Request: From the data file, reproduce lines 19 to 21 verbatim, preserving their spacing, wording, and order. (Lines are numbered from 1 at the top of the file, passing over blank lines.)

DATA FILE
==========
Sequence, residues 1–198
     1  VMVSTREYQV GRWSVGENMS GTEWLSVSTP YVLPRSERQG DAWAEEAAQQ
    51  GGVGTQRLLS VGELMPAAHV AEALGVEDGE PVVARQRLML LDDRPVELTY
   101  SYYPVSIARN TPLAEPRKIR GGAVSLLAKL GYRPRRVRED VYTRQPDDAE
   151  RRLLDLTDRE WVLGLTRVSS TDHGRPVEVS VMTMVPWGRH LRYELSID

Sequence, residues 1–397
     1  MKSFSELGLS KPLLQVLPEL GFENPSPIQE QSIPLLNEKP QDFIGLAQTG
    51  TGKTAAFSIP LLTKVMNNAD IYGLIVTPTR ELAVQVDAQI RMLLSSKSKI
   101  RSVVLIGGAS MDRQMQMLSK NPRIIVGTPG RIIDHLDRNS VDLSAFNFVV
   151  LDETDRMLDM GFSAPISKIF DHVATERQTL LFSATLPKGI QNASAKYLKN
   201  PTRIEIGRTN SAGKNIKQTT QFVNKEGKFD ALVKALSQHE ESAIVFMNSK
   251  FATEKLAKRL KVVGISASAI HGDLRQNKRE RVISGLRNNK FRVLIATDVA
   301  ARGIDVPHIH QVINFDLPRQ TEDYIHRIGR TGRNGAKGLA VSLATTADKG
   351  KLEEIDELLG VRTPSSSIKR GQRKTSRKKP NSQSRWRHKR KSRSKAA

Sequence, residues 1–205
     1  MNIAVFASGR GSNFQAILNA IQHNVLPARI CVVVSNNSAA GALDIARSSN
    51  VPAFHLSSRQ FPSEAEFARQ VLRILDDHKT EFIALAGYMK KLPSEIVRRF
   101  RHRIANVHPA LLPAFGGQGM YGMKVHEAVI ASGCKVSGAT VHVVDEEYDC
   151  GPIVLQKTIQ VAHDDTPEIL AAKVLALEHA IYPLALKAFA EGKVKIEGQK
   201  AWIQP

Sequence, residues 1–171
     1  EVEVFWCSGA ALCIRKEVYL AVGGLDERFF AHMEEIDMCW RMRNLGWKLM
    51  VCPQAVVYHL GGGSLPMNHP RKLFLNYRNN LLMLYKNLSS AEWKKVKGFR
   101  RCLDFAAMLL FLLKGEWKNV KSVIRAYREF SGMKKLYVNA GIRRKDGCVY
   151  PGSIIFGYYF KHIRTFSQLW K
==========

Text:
   151  GPIVLQKTIQ VAHDDTPEIL AAKVLALEHA IYPLALKAFA EGKVKIEGQK
   201  AWIQP

Sequence, residues 1–171